Research and Teaching Interests
Christopher Noble studied Classics and Ancient Philosophy at Princeton University.
His work deals primarily with the development and transformation of Platonic and Aristotelian thought in Late Antiquity. He is particularly interested in the way in which later authors can inform our understanding of problems in Plato and Aristotle, and in the distinctive contributions of Later Platonism to the ancient philosophical tradition.
“Providence and Fate in Plotinus,” in Lloyd P. Gerson and James Wilberding (eds.), The New Cambridge Companion to Plotinus (Cambridge UP, forthcoming).
“Human Nature and Normativity in Plotinus,” in Peter Adamson and Christof Rapp (eds.), State and Nature: Essays in Political Philosophy (De Gruyter, forthcoming).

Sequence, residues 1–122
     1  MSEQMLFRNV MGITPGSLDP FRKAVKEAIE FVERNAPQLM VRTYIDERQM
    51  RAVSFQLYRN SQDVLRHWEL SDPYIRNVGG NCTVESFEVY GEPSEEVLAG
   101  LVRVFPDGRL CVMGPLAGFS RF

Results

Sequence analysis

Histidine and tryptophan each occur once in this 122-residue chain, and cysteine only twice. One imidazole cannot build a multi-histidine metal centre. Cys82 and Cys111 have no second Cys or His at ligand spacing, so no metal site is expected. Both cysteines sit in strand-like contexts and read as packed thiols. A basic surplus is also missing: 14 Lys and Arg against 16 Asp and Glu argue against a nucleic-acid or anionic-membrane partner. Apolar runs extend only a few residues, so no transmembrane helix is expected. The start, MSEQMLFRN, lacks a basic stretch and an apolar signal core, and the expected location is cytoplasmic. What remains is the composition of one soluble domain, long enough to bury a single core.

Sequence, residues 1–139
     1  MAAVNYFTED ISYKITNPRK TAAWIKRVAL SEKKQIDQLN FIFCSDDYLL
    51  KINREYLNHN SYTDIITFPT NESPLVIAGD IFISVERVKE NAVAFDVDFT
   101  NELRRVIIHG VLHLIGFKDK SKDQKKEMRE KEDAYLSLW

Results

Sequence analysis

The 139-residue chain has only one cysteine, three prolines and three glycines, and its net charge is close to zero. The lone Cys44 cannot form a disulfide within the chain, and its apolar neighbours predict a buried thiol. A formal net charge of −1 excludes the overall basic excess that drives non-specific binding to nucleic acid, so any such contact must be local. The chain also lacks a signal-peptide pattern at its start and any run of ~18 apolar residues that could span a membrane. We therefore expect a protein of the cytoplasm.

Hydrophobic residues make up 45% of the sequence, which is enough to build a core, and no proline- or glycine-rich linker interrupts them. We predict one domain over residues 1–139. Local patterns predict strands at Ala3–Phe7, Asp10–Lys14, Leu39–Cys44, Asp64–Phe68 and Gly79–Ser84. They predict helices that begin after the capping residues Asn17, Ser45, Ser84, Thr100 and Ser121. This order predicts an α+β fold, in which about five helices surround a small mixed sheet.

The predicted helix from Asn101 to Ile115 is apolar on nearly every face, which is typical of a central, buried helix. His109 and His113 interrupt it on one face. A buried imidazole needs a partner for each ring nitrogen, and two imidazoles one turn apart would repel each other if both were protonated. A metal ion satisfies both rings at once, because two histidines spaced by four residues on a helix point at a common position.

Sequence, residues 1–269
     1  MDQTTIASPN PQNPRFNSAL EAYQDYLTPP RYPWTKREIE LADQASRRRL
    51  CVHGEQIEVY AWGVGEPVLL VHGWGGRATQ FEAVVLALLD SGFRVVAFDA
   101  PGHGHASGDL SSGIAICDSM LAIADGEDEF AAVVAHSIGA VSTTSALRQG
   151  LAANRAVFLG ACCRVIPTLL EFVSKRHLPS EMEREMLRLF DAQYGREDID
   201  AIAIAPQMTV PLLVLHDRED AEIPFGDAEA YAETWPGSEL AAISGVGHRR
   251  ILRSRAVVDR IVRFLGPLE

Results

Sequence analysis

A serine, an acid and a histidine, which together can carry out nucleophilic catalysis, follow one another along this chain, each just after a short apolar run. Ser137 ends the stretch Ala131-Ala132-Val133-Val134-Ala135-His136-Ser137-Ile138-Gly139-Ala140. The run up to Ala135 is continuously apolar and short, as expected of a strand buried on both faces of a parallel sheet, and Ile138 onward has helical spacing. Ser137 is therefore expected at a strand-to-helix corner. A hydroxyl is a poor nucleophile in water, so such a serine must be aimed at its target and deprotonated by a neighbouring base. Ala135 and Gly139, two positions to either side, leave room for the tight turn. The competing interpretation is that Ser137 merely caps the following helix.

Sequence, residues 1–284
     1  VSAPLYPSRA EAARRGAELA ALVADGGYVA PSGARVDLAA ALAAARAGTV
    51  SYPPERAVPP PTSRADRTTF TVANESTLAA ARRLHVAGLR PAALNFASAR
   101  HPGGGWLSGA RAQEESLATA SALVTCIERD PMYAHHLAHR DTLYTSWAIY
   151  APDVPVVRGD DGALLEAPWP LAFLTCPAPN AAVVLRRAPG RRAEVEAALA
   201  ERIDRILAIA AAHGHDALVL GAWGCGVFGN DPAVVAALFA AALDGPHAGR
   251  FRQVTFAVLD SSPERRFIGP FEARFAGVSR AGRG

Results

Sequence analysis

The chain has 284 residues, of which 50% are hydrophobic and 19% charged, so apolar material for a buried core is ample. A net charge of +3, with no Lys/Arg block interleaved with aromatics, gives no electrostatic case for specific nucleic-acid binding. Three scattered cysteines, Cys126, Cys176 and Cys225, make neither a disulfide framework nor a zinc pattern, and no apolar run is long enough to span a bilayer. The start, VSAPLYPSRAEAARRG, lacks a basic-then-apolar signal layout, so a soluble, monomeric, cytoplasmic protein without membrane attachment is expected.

“Everything in Nature is in Intellect: Forms and Natural Teleology in Ennead VI.2.21 (and elsewhere),” Phronesis (forthcoming)
'Leaving Nothing to Chance: An Argument for Principle Monism in Plotinus', Oxford Studies in Ancient Philosophy 55 (2018): 185-226.
'Plotinus' Unaffectable Soul', Oxford Studies in Ancient Philosophy 51 (2016): 183-233.
'Creation and Divine Providence in Plotinus' (with Nathan M. Powers), in A. Marmodoro and B. Prince (eds.), Causation and Creation in Late Antiquity (Cambridge UP, 2015): 51-70.
'How Plotinus' Soul Animates His Body: The Argument for the Soul-Trace at Enn. IV.4.18.1-9', Phronesis 58.3 (2013): 249-279.
'Plotinus' Unaffectable Matter', Oxford Studies in Ancient Philosophy 44 (2013): 233-277.
'Topsy-Turvy World: Circular Motion, Contrariety, and Aristotle's Unwinding Spheres', Apeiron 46.4 (2013): 391-418.